Though this is not Cleary’s best-known work, it is every bit as well-written as the beloved Henry Huggins and Ramona books, and it gives readers a stronger sense of her varied talents as a writer. The episodic nature of the book makes it a natural choice for classroom or bedtime read-alouds, as each chapter comes to a natural conclusion that does not leave the reader hanging. Librarians everywhere should also read this book, if for no other reason than to see a new library coming together to benefit a community in need. Though it might be buried on the shelves among a thousand copies of the Ramona books, this book is worth hunting down and reading. Most readers old and young will find their imaginations running right alongside Emily’s, enjoying every moment of her story.

Sunday, January 5, 2014

Book Review: The Westing Game by Ellen Raskin (1978)

Sixteen residents of Sunset Towers have been summoned as the heirs of millionaire Samuel Westing. Among them are the owner of a Chinese restaurant, a female judge, a wheelchair bound teenage boy, a podiatrist, a cleaning woman, an aged delivery boy, a doorman, a secretary, and a young girl who kicks anyone who tugs on her braid. To gain their inheritance, they must work in pairs to piece together a series of clues that will lead them to Westing’s killer.

I have always known about The Westing Game, but the only time I tried to read it, I was slightly too young and became quickly overwhelmed by the pressure of trying to solve all the riddles and uncover all the clues. Reading it as an adult, though, I am thoroughly impressed by the complexity of the plot itself, as well as the carefully developed characters and the twists and turns that lead to the game’s ultimate solution.

It is clear that Raskin knows her characters very well, and that she is purposely careful with how and when information about them is revealed. She gives the reader certain signficant details at specific moments in the story so as to further the plot without giving anything away prematurely. Though there are many, many characters, it is relatively easy to keep track of them because Raskin does give each one such a specific personality and backstory. (I did find it helpful to keep a chart at first, but as I spent more time with the characters, I found that I knew them well enough to stop taking notes on every little move they made.)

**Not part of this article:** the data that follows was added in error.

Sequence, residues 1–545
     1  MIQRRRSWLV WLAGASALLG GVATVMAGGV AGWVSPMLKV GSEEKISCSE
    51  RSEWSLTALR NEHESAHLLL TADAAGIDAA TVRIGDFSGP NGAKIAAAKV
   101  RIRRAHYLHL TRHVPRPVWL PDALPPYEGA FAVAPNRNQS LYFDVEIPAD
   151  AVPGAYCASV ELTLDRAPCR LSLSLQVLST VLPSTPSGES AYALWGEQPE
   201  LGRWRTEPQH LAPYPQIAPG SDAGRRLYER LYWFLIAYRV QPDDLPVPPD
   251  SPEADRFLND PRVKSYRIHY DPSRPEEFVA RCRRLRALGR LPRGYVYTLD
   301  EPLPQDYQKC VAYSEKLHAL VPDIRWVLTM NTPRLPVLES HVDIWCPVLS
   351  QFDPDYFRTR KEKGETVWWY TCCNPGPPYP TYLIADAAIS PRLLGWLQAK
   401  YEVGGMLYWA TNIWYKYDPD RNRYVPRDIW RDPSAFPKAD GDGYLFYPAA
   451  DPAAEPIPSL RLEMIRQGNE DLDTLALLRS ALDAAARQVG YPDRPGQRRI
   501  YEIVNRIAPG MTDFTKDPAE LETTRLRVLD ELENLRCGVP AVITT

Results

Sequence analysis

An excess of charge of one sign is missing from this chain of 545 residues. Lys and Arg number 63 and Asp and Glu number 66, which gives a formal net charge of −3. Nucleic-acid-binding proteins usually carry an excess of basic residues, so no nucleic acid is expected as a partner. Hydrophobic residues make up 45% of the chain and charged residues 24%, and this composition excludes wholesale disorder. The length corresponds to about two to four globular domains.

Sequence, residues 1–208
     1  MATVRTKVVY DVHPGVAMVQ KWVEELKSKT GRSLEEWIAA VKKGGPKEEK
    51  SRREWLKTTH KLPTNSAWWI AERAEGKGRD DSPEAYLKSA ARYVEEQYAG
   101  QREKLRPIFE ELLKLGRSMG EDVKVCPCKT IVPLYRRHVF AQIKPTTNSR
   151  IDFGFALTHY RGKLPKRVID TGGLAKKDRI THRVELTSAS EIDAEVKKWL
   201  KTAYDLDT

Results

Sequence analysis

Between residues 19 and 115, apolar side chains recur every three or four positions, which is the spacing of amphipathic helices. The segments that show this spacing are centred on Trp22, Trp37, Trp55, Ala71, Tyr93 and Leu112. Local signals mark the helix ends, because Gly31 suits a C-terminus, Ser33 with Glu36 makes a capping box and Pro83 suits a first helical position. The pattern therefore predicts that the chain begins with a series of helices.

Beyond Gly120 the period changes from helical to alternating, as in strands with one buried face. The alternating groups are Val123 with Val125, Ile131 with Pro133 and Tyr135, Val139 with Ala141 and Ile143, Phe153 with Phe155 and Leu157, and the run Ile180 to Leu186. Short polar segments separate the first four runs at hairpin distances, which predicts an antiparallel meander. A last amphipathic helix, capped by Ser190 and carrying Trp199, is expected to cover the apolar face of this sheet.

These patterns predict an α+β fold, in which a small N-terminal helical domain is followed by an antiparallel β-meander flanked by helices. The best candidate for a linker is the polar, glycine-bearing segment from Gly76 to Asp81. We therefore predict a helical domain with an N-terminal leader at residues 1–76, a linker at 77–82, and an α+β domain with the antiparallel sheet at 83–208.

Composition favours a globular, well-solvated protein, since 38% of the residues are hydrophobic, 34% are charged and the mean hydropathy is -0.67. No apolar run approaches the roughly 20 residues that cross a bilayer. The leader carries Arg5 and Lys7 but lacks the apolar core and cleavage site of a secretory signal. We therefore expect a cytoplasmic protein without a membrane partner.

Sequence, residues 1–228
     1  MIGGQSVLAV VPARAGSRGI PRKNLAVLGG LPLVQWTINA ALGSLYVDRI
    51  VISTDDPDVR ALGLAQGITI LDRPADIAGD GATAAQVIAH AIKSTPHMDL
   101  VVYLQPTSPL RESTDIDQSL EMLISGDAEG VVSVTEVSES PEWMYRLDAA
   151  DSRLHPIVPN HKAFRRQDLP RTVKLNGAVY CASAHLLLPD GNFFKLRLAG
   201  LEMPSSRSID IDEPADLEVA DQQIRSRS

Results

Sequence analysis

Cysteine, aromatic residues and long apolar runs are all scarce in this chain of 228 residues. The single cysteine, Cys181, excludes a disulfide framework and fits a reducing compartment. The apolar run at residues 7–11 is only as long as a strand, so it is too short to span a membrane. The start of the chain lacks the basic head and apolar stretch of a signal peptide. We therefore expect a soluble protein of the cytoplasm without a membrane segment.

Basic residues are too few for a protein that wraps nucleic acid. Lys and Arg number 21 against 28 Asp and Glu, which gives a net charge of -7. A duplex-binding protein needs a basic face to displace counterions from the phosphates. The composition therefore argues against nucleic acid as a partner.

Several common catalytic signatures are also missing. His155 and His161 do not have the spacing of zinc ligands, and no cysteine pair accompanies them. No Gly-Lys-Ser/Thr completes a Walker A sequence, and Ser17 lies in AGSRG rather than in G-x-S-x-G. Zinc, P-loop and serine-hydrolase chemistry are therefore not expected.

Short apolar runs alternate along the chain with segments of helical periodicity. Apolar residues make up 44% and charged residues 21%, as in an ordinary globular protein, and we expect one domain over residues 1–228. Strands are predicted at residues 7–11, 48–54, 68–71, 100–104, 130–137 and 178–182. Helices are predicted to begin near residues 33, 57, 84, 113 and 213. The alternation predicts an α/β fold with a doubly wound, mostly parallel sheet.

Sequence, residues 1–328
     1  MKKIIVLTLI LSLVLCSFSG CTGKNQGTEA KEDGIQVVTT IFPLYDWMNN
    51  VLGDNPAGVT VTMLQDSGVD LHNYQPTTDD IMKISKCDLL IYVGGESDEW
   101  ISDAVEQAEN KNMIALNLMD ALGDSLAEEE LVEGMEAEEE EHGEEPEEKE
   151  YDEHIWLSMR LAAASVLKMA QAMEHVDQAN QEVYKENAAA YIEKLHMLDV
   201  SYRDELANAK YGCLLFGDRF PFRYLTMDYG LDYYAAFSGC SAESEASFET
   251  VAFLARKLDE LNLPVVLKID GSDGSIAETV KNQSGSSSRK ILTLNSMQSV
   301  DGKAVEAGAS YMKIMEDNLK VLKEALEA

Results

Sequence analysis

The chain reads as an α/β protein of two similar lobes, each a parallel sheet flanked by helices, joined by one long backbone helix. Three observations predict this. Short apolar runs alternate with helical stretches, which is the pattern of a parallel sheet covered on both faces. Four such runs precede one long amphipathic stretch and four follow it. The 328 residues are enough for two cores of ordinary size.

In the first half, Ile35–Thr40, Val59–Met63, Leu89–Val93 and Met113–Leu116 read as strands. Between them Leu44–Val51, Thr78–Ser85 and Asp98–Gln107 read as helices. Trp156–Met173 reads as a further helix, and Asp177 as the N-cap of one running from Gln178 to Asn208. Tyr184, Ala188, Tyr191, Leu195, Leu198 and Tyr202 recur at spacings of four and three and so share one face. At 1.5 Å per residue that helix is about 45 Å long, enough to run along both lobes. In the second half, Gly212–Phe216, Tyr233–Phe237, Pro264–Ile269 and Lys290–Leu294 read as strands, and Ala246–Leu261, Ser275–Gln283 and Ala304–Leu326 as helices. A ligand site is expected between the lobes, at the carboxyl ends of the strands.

In addition to the characterization, I also enjoyed the fact that the narration is basically omniscient. While the characters have a very limited view of what is happening in the Westing game, the reader is privy to all the clues and is able to draw conclusions the characters could never reach on their own. Though the story darts in and out of different limited perspectives depending on what is happening at a given moment, the reader is always smarter than any one of the individual characters (except maybe Westing himself). I think kids, especially, enjoy the sense of superiority that comes from being smarter than the characters in a book, and from an adult perspective, I just thought it was a neat way to tell a story.

The Westing Game also manages to be quite witty in some places, and I was surprised by several wonderful moments that made me laugh out loud. On page 15, I laughed when “Sydelle Pulaski struggled out of the taxi, large end first.” On page 25, I found myself nodding in recognition at the sentence which reads, “Proud of her liberalism, Grace Windsor Wexler stood and leaned over the table to shake the black woman’s hand.” There is so much important commentary on Grace Wexler in just that one line of description. It’s absolutely perfect. I also loved that Flora Baumbach thought that dastardly was a swear word on page 30. These little moments help us get to know the foibles of the characters, and they also keep the tone of the story from becoming too dark or morose.

I am glad that I finally took the time to read The Westing Game. I am not a big re-reader, but I actually think this book would benefit from multiple readings because there is just so much to take in. I have a feeling that a second reading would only bring to light more of the author’s cleverness and that I would be that much more impressed with the way everything comes together in the end. There are few books truly like this one, so read-alikes might be difficult to find, but anyone - child or adult - who enjoys puzzles, mysteries, surprises, and great characters can find something to love in this book.